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Final Summons (for Mom)

Karuza, Colleen M.

doi: 10.1097/01.COT.0000320589.28926.ce
Poetry By Cancer Caregivers

The world of poetry is a means of expression and source of comfort for many who care for cancer patients. We welcome submissions from oncologists, oncology nurses, oncology pharmacists, and other cancer caregivers. E-mail only, please, to:, and include your affiliation/title, address, and phone number, along with a photo, if available.

The corpse is breathing, not me.

I'm trembling more than the hand I'm holding,

kneading skin trussed with bone.

Duty Unfailing and Demise Most Certain

watch for signs to let go.

My daughter's a cancer specialist,

my father announces to passersby,

like us, talc-white from neck to knee.

We're huddling he and I in the I-C-U,

my acronym for InterCession Underground.

He's here to bargain with the deity.

I'm here to assess and report.

In art, illness has trim, accessories –

Nickel-gray horse blankets, the overcoats of street snow.

Twin beds cranked to a lazy W.

A polka dot housedress in an open closet.

Mustard yellow pitchers on custard brown trays.

First-line, second-line, third-line treatments

entangled and knotted.

Gestures hang on timepieces.

On screen and on page,

Death has presence.

Mild and lilylike,

She whispers words of great import, reminders of love,

disclosures of assets, interment directives.

What is spoken is marshmallow-soft,

set aloft from a noble head

on a satin pillow

on a canopied bed

in a room of dark majesty

in plain view of a gnarled oak

brushing a bay window.

Not here.

I tell my father what I see—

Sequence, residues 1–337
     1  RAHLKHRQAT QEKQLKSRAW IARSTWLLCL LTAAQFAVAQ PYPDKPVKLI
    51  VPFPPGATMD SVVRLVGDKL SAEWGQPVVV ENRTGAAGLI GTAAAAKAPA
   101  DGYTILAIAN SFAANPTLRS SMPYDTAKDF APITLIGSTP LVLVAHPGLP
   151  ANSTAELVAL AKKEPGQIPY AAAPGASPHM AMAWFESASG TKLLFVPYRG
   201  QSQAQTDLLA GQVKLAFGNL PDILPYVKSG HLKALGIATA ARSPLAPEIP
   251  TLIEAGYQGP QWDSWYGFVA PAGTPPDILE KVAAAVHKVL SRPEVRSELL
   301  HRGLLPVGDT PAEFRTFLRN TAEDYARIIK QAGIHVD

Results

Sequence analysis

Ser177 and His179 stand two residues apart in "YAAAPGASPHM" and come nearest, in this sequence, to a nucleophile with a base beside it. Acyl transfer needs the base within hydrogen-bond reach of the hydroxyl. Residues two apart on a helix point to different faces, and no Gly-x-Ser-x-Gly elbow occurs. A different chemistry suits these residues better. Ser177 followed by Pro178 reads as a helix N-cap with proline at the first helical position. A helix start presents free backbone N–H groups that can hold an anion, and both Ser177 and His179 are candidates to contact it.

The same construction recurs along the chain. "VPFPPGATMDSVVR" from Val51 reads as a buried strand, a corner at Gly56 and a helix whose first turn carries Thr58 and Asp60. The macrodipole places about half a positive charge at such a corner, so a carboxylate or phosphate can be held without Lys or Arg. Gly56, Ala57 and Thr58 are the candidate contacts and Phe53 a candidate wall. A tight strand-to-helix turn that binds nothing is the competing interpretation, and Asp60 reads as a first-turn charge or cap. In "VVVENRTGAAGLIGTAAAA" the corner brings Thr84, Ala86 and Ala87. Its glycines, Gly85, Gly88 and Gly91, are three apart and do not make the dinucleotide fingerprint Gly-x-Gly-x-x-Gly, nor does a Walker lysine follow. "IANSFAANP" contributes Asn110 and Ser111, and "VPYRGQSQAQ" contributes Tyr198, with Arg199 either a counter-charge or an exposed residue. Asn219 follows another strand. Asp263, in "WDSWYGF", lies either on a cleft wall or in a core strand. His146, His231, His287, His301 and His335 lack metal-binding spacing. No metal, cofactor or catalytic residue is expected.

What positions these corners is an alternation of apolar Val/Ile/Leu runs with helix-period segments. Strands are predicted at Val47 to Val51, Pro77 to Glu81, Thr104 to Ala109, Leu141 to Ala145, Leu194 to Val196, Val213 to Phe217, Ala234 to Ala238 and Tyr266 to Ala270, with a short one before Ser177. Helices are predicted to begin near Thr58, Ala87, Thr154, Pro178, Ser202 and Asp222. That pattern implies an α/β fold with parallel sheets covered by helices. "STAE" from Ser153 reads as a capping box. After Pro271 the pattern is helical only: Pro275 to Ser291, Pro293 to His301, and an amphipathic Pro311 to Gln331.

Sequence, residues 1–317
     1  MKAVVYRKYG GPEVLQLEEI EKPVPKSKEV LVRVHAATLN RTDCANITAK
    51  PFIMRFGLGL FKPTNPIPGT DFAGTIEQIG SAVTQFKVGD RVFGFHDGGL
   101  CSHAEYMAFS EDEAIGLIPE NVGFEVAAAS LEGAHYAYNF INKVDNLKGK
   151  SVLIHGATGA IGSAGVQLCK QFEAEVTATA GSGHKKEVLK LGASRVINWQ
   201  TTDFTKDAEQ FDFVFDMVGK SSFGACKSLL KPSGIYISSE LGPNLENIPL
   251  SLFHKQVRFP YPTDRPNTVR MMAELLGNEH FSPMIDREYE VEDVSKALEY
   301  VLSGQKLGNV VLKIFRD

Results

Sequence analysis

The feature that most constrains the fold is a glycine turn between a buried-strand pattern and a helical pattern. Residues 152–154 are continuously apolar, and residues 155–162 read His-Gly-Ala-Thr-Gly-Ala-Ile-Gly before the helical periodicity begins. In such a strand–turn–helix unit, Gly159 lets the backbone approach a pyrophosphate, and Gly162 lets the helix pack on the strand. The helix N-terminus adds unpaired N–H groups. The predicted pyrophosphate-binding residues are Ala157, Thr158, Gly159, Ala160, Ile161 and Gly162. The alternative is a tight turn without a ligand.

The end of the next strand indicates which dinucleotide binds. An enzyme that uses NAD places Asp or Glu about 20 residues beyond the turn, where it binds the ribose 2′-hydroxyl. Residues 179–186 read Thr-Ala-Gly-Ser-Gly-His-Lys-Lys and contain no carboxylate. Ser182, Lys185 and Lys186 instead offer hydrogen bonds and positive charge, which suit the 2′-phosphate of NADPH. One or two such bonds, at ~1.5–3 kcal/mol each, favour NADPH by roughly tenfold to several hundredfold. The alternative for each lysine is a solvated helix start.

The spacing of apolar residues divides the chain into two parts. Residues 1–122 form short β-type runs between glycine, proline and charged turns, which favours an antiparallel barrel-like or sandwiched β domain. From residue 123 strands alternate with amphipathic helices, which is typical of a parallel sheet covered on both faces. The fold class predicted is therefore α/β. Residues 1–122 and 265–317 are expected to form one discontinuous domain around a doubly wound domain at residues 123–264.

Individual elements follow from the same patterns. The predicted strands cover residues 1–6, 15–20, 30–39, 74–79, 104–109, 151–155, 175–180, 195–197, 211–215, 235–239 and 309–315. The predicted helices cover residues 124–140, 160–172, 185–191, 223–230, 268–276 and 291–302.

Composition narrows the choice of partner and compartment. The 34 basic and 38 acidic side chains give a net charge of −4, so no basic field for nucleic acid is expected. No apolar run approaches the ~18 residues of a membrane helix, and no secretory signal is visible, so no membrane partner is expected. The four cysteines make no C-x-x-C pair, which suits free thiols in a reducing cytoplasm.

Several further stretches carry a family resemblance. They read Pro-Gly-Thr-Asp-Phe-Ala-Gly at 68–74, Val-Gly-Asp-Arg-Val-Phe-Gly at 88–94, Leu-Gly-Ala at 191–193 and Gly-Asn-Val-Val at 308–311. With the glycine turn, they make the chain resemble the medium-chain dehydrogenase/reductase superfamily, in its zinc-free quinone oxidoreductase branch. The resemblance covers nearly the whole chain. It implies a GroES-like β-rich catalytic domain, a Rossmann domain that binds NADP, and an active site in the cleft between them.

a body erased of markings, a face hollowed of expression.

Where is her pod? I ask.

Tell them. Tell them! he begs.

Tell them what? No one told ME.

I stepped off a plane into someone's nightmare.

What do they want?

A password? A weather report?

The name of my hotel? Someone to identify the body?

I've lost my luggage, my miracle grip, too,

i say stupidly.

Please, I need time to find out who she is, why I'm here, who I should call.

There is no time.

Her breathing, suffering from a bad limp, slumps.

Chairs collapse. Father disappears.

Dimes of light assist our exit.

My brother, the roommate, touches my shoulder. Wait.

His eyes are red geysers,

crackling smoky, secret truths.

Last night, she gave me her blanket.

Did I hear what he said?

Last night, she gave me her blanket.

Rising above his voice is another's.

You're shivering, honey. Take it. Take it.

Six yellow roses –

Mama's favorite –

drop petals like tears

at the Nurses' station.

© 2008 Lippincott Williams & Wilkins, Inc.
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